Saturday, 24 July 2021

Time For the Power Unit - Meet Mercury

I have fallen behind with my posts on here, concerning the installation of the 'electrics'. Events have overtaken me as the new, American built, Mercury Outboard Motor has arrived.


As is usual, I am totally at a loss with what to do with the engine. I have no experience of installing one, which presents me with the type of impossible challenge I love.

The challenges, however, had began much earlier, when I telephoned my preferred supplier to purchase a specific type of outboard. 

   "We are out of stock of that model," the supplier said.

   "How long before you can get me one?" I asked.

   "Could be 12 months".

  "What! What else have you got?"

  "We are out of stock of everything. Covid closed the factories last year, and they are only just getting back into production. There's a long waiting list, do you want to go on it?"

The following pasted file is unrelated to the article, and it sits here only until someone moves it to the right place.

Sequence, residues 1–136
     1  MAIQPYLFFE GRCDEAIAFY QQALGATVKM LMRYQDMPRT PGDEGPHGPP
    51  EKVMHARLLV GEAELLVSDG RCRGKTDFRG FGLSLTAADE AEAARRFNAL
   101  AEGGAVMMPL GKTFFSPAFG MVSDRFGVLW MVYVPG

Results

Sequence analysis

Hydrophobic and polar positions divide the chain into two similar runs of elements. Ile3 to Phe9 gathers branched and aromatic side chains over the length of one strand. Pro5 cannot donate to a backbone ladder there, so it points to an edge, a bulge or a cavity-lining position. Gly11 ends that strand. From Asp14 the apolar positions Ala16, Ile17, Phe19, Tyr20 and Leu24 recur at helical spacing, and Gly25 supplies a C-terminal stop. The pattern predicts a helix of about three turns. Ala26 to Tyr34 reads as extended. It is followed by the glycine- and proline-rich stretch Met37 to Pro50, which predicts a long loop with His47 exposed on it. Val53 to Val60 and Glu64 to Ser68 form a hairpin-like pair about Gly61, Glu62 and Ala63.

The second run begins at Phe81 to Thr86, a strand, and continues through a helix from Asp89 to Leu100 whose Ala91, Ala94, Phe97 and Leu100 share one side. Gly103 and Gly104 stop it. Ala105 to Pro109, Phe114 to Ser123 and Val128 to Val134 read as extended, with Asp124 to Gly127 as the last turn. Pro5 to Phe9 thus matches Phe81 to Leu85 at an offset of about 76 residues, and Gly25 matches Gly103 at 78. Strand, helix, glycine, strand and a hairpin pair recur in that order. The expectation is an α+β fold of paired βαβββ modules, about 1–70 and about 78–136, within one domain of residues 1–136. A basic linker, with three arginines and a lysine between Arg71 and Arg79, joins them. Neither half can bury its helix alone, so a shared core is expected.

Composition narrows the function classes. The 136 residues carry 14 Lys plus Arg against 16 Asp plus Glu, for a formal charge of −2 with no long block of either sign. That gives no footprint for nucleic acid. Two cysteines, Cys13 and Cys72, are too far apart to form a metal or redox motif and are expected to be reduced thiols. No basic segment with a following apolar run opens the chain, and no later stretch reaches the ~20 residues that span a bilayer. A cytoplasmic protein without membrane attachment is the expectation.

"I suppose so."

 "It's a 20% deposit - "

  "No thanks!"

I telephoned around, and got the same story.

Undaunted, I told my story to my facebook boat-group, on which I try to moderate18000 from all around the world. Amongst all the teasing from the pure-sail fans I got one suggestion, to contact 'Cambridge Outboards Ltd.' So I did.

It was out of hours but I could see on their website that they had in stock a Mercury 15 Horse Power, long shaft, 4 cylinder outboard. Just the job! I ordered and 'Paypalled' it........... but got no acknowledgement in my email... panic, panic.

I rang them up first thing Wednesday morning and they assured me all was well and that I should get the motor on the following Monday or Tuesday. So you can imagine my surprise when my front door bell rang on Friday morning and a little lady announced that she was here with the motor, but couldn't get her lorry down the road. There were some builders who had parked their vans on either side of the road and the large lorry couldn't get through.